• Move forward along the edge of the line

  • Save your program as your first name and Tracker

    Hints: You need a loop, and it’s easier if the robot starts at less than a 90 angle


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Challenge 5 – Bump Program

Create a program to make the robot:

  • Go forward until it finds a wall

  • Turn moving backward for 2 seconds

  • Repeat these behaviors for 5 “wall bumps”

  • Save your program as your first name and Bump

    Hint: You’ll need to use wait until Touch in for the first step.


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Bonus Beep Challenge

Create a program to make the robot:

  • Go forward until it finds a line

  • Stop for 1 second and beep

  • Repeat for 5 lines

  • For fun, end with a different sound

  • Save your program as your first name and Beep


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ROBOLAB Video Trainer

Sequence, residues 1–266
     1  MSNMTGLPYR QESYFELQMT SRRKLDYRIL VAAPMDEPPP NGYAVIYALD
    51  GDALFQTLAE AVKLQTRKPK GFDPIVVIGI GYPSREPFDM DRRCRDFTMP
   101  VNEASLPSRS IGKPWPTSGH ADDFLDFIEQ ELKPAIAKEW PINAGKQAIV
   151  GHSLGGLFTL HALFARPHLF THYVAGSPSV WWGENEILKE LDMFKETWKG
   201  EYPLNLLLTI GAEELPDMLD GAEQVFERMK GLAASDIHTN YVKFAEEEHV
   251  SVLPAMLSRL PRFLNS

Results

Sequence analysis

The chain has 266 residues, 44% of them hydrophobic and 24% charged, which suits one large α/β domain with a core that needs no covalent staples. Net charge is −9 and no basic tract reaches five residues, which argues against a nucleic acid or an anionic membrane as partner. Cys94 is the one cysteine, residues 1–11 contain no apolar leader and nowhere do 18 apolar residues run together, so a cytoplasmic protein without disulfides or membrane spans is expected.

• The ROBOLAB Video Trainer CD has lots of video sequences showing you how to program ROBOLAB and how the robot responds to the program.

  • The Team Challenge Robotics set and ROBOLAB and ROBOLAB Video Trainer software are available from LEGO education (www.legoeducation.com under LEGO Mindstorms)


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Robotics Web Sites

  • NASA Robotics Alliance Project http://robotics.nasa.gov/home.php

  • NASA Robotics Curriculum Clearinghouse http://robotics.nasa.gov/rcc/

  • Mars Exploration Rover Mission http://marsrovers.jpl.nasa.gov/home/index.html

  • Robotics Academy

    http://www-education.rec.ri.cmu.edu/

  • Minnesota High-Tech Kids http://www.hightechkids.org

  • FIRST LEGO League http://www.firstlegoleague.org

  • Botball http://www.botball.org/

  • BEST Robotics http://www.bestinc.org/MVC/


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To Get Tankbot Building Instructions, E-mail [email protected]

  • After you get your Team Challenge robotics set from LEGO education, e-mail me requesting the tankbot pdf

  • I’ll e-mail you a color pdf file of step-by-step picture instructions to build tankbot, the robot we used in this workshop and the CD videos

  • Tankbot is distributed courtesy of Robin Shoop at the Carnegie Mellon University National Robotics Engineering Consortium Robotics Academy


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Sample ROBOLAB Programs